“The Trust has hosted more than eleven cohorts from the YALI RLC for a site visit where we presented on our strategy, sustainability and grant-making facility to the participants. With the MWF, The Trust is currently working on implementing the follow-on programming with its second cohort of fellows. YALI is seen as integral to our youth work at The Trust and contributes significantly to our overall strategy, which seeks to prioritise youth participation in all our programming.’’ said Tumiso Chepape, Project Manager at the Trust.
Virginia Mwanza, a 28-year-old from Kalumbila in Zambia, and Valerie Kunene, a 29-year-old from Brakpan in South Africa, are SayXchange alumni fellows who went on to be registered for the YALI RLC programme. Their work on SayXchange around volunteerism in community work provided them with a valuable foundation when applying for the YALI RLC programme as applicants are asked to describe their community involvement.
Prior to being on the SayXchange programme, Virginia Mwanza served as a Team Leader for the International Citizen Service Entrepreneurship Program (ICSE), funded by the UK’s Department for International Development (DFID). ICSE is focused on small to medium enterprise development at Challenges Worldwide in Lusaka, Zambia. She also ran her own small business as a sales agent of AVON.
“The YALI RLC application was based on individual experiences in active community work, responsible leadership and tolerance for people’s differences. SayXchange provided me with practical knowledge which adequately prepared me to answer questions in the YALI RLC application as well as the interview after being shortlisted,” said Mwanza.
Mwanza believes leaders in southern Africa need a significant change in mind-set so that the region can transform its social, economic and political status. This can be achieved not only through investing in equipping young minds with the leadership skills required to move the continent forward but also with the requisite effort, preparing young leaders with the skills necessary to manage people while in positions of power and to answer their calling to serve in related leadership positions.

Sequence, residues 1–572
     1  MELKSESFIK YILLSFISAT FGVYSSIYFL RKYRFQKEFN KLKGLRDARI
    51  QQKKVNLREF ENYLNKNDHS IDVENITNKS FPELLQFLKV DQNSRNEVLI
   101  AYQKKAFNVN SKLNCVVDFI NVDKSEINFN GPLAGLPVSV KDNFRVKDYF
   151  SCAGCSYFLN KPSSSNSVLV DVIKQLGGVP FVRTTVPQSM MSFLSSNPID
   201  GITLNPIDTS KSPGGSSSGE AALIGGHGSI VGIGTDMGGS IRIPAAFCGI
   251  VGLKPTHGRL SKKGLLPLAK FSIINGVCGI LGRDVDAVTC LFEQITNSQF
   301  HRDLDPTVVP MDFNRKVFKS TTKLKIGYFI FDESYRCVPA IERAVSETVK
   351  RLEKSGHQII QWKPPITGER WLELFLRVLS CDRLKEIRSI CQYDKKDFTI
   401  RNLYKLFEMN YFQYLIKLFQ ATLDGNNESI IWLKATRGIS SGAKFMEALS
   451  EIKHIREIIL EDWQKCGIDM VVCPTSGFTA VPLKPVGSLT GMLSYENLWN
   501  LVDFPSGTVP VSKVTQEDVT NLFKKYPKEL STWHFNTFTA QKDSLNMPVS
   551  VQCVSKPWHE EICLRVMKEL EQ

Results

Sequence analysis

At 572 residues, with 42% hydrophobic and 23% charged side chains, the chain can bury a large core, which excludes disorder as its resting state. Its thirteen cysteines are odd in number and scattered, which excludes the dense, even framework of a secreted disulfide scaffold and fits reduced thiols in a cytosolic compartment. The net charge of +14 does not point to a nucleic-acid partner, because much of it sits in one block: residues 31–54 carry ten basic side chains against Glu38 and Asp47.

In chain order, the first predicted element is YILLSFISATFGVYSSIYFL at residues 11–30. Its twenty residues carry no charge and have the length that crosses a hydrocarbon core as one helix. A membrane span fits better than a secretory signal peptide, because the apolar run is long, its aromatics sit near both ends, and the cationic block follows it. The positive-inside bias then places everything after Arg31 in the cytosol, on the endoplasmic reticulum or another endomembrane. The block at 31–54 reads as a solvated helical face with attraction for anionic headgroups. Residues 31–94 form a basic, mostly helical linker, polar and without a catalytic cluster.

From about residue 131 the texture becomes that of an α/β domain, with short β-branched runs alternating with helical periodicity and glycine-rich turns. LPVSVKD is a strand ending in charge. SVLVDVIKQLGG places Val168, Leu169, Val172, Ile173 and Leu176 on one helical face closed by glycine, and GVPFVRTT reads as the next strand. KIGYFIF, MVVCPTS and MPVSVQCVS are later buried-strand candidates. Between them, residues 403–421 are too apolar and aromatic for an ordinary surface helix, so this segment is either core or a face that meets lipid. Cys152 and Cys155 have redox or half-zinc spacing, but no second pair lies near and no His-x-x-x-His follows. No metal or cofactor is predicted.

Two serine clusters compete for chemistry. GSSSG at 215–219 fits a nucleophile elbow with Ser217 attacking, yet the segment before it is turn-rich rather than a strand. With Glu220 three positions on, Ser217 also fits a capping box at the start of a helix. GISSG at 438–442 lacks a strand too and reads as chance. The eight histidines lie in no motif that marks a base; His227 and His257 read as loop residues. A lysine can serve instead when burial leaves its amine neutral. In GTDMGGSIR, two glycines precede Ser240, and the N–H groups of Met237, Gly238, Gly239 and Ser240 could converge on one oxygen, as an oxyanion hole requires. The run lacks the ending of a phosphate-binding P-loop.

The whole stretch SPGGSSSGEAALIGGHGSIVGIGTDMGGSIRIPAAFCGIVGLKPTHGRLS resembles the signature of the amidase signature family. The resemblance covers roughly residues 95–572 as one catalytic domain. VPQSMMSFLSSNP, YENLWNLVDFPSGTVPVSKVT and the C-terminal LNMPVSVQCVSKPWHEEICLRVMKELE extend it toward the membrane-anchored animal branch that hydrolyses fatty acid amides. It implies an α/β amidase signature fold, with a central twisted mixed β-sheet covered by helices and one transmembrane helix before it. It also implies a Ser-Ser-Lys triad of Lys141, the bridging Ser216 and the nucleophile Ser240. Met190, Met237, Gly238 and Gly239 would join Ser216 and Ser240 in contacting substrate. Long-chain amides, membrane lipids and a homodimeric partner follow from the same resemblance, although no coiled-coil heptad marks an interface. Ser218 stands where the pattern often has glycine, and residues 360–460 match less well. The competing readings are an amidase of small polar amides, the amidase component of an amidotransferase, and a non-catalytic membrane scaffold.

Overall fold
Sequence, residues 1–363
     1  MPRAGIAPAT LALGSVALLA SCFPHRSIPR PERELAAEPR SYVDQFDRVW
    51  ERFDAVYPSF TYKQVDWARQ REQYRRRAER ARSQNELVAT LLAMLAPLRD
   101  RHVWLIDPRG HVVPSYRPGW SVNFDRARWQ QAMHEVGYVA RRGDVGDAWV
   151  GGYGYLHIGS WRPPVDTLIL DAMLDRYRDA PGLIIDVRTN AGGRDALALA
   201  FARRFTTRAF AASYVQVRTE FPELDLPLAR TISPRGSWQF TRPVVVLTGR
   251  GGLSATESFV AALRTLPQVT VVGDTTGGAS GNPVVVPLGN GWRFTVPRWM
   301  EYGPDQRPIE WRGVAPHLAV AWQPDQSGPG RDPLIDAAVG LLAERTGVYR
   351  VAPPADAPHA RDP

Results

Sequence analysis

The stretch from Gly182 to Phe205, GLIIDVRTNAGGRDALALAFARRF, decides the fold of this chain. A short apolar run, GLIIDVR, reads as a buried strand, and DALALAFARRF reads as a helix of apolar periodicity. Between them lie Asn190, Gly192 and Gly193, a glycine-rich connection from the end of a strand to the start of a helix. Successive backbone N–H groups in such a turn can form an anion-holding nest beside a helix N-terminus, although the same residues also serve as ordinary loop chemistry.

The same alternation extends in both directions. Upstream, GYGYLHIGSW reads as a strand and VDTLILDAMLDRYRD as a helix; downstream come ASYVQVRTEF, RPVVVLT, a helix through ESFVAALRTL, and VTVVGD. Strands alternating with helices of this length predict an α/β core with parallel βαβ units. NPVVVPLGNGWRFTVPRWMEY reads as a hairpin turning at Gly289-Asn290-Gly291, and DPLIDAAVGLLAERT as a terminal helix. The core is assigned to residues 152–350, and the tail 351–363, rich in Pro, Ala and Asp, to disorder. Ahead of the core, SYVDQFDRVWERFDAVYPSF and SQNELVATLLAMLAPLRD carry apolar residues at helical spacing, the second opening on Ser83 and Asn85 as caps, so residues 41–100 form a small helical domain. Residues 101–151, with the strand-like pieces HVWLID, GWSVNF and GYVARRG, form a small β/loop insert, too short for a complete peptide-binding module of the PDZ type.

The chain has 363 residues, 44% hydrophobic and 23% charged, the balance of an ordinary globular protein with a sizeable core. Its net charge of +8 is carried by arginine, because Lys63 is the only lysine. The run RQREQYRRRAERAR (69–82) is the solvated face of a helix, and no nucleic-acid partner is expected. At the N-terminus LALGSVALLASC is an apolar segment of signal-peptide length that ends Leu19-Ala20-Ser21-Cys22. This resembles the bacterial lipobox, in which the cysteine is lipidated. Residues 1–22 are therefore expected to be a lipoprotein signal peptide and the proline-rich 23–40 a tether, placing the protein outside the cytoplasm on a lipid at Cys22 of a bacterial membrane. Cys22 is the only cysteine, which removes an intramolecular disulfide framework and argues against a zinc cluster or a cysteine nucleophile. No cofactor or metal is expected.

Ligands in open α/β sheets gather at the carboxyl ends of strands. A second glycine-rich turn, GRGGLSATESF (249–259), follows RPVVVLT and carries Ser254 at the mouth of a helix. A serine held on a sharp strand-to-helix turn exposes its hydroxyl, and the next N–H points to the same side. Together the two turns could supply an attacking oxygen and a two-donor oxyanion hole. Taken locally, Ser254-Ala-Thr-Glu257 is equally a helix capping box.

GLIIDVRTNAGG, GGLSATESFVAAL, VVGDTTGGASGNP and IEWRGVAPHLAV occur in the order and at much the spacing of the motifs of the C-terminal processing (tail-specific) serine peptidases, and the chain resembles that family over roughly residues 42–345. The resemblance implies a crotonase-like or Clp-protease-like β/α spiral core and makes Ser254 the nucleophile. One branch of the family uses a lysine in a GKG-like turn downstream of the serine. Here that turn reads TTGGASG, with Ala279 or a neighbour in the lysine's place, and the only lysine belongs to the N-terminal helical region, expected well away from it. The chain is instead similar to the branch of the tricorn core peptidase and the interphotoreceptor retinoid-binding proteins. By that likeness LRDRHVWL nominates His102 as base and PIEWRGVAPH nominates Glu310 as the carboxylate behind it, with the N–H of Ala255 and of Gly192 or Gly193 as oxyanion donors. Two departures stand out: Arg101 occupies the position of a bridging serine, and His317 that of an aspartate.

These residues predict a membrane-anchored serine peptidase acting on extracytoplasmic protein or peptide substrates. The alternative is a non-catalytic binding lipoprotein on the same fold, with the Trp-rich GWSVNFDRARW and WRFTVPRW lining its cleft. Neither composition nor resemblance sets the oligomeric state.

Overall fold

She is currently an Information and Communications Technology (ICT) and life skills educator at Sentinel Kalumbila School. Mwanza teaches ICT skills to 140 pupils who are aged between 5-25 years. She teaches life skills to 50 pupils and 30 community members, particularly youths between the ages of 14-28 who are not in school. Mwanza is also initiating the development of a youth entrepreneurship academy to train talented youth in the arts, specifically attuned to honing their talents into a profitable business and sustainable source of livelihood. Furthermore, she is working with other Zambian SayXchange alumni to establish the National Youth Alliance, a platform for youth participation and civic engagement.
Valerie Kunene believes Africa is a continent filled with opportunities on which the youth should capitalise.
She volunteered as a care-giver at Thari Ya Sechaba Home Based Care and was an active participant in the Activate! Leadership for Public Innovation training programme before being selected for the SayXchange programme in 2014.
She is currently a second-year law student at the University of South Africa (Unisa), a move she attributes to her involvement in SayXchange.
“The SayXchange programme is designed for young leaders and people who want to change the world. It has shaped and paved the way for my dreams and aspirations; I knew what I wanted to do but did not have a clear direction regarding how to pursue it,” said Kunene.
Kunene works as an orphan coordinator at Thari Ya Sechaba Home Based Care and has 126 children from age 0-17 years under her wing. Her role entails compiling progress reports, doing school visits, checking if children are properly taken care of, and resolving related cases as and when they arise.